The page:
Alex Cora raved about Nick Yorke after the 18-year-old impressed in his Spring Training debut

"That was the highlight of the day, having that kid play."

Red Sox manager Alex Cora fist bumps with 18-year-old Nick Yorke.
Red Sox manager Alex Cora fist bumps with 18-year-old Nick Yorke. –Jim Davis/Globe Staff

When Alex Cora told 18-year-old Nick Yorke before Monday’s Spring Training game against the Atlanta Braves that Yorke would see action at second base, Yorke opted to play it cool.

“I asked him, ‘Are you nervous?’” the Red Sox manager Cora said. “He’s like, ‘Nope.’ I said, ‘OK, good for you.’ I was probably more nervous for him, so that’s a good sign.”

Yorke, who took the field for the final three innings of Boston’s 7-5 loss to the Atlanta Braves, was as collected on the field as he was off it. He hit an opposite-field single in his first at-bat, off elite reliever A.J. Minter, then he walked in his second plate appearance.

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“That was the highlight of the day, having that kid play,” Cora said.

The Red Sox received some criticism when they selected Yorke 17th overall in the 2020 MLB Draft, but Yorke lost 25 pounds, hit with Mitch Haniger of the Seattle Mariners, took part in a two-week crash course in Pawtucket on how to be a professional, and was invited to play with the Red Sox in Spring Training.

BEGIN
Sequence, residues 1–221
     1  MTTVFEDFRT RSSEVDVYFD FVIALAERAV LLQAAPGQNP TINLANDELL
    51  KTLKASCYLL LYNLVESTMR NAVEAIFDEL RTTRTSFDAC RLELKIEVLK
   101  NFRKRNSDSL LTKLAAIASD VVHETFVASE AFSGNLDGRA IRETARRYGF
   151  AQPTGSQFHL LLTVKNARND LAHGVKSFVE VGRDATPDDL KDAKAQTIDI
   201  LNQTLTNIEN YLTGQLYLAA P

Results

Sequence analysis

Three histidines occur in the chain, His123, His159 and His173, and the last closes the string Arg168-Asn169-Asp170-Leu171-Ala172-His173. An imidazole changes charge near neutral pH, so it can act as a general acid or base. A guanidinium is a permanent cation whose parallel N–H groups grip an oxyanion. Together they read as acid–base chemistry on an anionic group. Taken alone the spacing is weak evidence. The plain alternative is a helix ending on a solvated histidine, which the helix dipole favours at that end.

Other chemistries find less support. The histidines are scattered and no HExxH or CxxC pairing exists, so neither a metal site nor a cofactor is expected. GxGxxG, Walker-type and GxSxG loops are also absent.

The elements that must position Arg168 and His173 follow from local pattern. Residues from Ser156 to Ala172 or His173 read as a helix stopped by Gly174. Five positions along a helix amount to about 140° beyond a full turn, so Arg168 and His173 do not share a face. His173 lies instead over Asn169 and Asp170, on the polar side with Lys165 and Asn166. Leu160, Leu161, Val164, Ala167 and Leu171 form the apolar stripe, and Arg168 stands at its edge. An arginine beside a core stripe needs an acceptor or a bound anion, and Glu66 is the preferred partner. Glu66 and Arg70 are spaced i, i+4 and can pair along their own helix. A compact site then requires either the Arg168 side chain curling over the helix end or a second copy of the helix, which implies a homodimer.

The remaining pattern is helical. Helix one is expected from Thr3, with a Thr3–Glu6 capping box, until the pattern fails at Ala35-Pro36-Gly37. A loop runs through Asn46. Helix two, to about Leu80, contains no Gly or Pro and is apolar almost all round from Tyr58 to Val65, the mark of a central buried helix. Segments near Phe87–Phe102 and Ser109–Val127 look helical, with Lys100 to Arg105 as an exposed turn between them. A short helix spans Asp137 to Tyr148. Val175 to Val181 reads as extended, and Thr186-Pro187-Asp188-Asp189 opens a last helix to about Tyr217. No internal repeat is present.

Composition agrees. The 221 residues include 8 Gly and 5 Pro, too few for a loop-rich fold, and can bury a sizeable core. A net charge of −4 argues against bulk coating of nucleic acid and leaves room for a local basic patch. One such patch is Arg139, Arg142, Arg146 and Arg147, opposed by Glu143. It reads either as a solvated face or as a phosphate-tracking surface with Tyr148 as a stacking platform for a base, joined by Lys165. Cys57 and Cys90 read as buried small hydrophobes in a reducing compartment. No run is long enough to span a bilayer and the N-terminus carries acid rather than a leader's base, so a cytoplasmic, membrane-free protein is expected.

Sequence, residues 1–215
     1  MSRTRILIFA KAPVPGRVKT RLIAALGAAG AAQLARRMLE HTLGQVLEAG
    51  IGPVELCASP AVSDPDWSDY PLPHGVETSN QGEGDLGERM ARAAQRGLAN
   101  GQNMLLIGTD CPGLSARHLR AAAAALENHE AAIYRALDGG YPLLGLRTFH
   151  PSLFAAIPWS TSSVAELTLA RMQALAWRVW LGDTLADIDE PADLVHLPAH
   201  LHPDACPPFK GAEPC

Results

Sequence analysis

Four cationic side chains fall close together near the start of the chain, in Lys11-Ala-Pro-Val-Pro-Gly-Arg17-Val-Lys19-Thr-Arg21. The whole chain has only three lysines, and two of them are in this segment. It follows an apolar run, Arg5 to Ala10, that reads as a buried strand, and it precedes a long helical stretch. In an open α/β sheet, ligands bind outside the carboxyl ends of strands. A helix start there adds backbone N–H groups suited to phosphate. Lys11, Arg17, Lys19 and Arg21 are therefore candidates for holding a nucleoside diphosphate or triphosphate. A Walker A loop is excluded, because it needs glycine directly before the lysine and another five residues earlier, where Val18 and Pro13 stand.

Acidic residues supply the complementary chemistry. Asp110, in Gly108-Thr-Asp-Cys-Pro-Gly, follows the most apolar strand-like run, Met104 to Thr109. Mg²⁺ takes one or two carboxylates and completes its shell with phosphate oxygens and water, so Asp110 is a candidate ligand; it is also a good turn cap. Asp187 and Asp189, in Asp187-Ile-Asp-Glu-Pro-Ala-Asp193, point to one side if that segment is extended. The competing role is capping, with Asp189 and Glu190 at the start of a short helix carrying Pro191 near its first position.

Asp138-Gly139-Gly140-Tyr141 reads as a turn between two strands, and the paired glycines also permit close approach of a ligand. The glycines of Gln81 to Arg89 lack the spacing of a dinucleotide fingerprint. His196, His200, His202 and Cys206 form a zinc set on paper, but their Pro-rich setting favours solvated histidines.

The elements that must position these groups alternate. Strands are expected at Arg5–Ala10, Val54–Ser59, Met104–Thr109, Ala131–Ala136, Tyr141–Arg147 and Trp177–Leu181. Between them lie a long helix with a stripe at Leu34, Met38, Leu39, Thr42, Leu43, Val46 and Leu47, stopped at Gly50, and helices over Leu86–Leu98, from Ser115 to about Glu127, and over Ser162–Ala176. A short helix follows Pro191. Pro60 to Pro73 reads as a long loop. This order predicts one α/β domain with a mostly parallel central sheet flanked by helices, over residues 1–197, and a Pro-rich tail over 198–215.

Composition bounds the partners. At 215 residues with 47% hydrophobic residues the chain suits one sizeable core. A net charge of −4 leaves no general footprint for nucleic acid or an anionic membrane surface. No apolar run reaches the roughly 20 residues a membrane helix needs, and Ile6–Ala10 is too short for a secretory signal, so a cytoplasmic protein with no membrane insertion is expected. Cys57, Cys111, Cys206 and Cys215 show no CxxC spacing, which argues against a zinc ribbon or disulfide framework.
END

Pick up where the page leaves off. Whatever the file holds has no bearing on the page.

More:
Initially, Yorke – who just graduated high school last spring and turns 19 in April – thought the Red Sox were messing with him when he got the call. They weren’t, and he’s quickly embraced the opportunity. While he’s only played in one game, he’s already done plenty to impress those around him.

“He’s here to learn,” Cora told reporters. “He’s here to be around big-leaguers and learn how to act in the clubhouse and be a professional, but you can see, he controlled the strike zone, controlled his at-bats.”

While it’s highly unlikely Yorke will be on the Opening Day roster, he does have a chance to continue to make a strong first impression at Spring Training. It’s possible that a solid showing could accelerate his long-term chances of making the Red Sox.

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He echoed Cora’s remarks afterward that he wasn’t nervous in his debut, noting that it’s baseball, and he’s simply excited to play the game he loves.

Yorke said he’s trying to “be a sponge” and learn as much as he can from the more seasoned players around him. His goal is to get back in a rhythm after going a year without competitive baseball, and he’s hoping to prove himself on a grander stage than he’s had before.

He said he won’t complain about having the chance to play baseball as a career at age 18.

“Any opportunity they give me to touch a baseball field, I’m going to try to run away with it,” Yorke said. “I’m very grateful for the opportunity and just trying to get better.”

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